Maybe you merely suspect that your spouse is a narcissist (or has deeply narcissistic traits) – or maybe you know they are. Either way, you fully expect them to make your upcoming divorce as difficult as possible.
And, you’re probably right. Narcissistic people need to maintain a sense of power and control at all times – and they aren’t afraid to cross all boundaries and act out in increasingly petty or manipulative ways to get what they want.
How can you keep your sanity in the process ahead? There’s a lot of usual advice that people offer about putting some distance between you and trying to communicate only through your attorney – but another effective tool is called the “gray rocking.”
What is gray rocking, and what does it do?
You can’t control your spouse’s toxic behavior or make them listen to reason, so gray rocking puts the focus back on controlling your responses to their antics – and gives you a blueprint for doing so by teaching you how to be as unresponsive as humanly possible.
When you have to deal with your spouse in person (even in mandatory mediation or court), practice these tips:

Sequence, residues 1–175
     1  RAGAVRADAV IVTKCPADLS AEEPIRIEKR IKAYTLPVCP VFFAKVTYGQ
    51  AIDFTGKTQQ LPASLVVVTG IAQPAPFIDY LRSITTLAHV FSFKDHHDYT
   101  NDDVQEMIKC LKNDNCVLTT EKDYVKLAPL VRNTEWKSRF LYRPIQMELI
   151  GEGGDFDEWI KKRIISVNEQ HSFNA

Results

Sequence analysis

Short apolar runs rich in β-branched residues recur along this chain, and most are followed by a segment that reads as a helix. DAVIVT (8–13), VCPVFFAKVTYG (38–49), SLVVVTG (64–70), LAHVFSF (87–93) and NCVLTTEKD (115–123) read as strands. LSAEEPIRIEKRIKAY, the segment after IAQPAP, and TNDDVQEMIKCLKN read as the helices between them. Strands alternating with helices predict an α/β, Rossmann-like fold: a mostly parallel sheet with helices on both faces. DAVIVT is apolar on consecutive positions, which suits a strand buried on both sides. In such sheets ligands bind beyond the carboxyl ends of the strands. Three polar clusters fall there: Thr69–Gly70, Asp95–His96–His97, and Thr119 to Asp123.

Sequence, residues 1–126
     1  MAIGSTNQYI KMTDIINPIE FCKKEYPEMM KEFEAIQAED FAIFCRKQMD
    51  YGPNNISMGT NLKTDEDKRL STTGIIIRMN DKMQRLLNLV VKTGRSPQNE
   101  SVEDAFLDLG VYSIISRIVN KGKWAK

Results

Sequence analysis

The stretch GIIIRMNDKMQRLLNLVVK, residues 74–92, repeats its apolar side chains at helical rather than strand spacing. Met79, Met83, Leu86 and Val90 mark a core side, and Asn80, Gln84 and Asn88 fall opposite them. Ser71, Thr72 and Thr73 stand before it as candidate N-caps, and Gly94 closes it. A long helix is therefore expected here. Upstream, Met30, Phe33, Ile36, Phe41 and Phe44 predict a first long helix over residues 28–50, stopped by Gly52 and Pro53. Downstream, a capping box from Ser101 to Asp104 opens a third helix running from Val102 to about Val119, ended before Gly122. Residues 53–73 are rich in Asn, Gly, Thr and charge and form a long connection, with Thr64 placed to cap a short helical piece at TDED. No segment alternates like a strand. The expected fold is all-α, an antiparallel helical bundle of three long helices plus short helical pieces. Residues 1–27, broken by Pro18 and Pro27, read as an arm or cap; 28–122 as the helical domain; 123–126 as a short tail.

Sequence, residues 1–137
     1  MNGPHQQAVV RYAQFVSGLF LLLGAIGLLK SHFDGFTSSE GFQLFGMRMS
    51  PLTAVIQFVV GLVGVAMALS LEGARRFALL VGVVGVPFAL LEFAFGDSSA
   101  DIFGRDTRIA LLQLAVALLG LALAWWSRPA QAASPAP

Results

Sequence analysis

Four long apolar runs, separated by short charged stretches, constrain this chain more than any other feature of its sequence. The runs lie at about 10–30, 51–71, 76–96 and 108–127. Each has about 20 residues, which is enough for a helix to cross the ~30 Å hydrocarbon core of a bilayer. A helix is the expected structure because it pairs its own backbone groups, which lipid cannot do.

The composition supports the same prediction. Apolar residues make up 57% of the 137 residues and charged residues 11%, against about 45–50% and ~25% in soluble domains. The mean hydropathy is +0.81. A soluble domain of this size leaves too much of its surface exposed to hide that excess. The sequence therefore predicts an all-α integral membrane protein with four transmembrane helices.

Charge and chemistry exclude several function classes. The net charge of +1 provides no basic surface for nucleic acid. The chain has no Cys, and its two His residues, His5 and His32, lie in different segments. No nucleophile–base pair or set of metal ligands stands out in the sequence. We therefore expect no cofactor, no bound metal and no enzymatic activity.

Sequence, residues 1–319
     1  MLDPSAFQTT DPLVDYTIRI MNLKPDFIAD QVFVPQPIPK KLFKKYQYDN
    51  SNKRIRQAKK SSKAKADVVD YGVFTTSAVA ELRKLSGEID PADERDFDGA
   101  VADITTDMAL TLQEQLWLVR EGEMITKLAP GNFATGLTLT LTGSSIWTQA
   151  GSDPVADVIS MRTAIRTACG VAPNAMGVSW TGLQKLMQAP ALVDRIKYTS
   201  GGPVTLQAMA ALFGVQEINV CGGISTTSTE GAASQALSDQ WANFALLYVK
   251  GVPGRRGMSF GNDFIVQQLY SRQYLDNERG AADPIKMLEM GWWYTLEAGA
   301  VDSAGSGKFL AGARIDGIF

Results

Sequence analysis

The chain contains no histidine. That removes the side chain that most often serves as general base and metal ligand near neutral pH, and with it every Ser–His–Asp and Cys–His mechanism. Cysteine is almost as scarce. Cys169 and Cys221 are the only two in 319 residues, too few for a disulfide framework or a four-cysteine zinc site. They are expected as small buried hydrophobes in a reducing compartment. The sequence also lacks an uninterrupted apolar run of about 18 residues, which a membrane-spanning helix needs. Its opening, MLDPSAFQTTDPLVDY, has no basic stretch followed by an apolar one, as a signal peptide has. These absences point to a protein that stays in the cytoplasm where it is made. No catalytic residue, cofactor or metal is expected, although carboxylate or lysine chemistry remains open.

- Aim to anticipate their behavior as much as possible so that you can externalize it and see it as nothing more than a childish tantrum. When they say something preposterous or cruel, you can then sit back and say (to yourself), “Well, of course, they’re behaving this way. It’s nothing new, and not really important.”
- Give minimal responses, no matter how outlandish their demands or threats – and do not explain unless you’re asked to do so by an officer of the court. Stick to “yes,” “no,” “maybe,” and “I guess we’ll let the court sort that out.”
- Avoid eye contact whenever you can – and practice (in a mirror, if necessary) a disinterested expression that seems largely indifferent toward what they’re saying. Even if you’re internally screaming, you want to betray nothing of your thoughts or feelings.
This eliminates (or greatly reduces) the entertainment value and sense of control that a more energetic response gives your spouse. You basically cut off the power supply and take all of the “fun” out of whatever they’re doing.
As always, relying on experienced legal guidance can help you understand your rights and the reality of the situation – and that can help you navigate your divorce from a position of strength.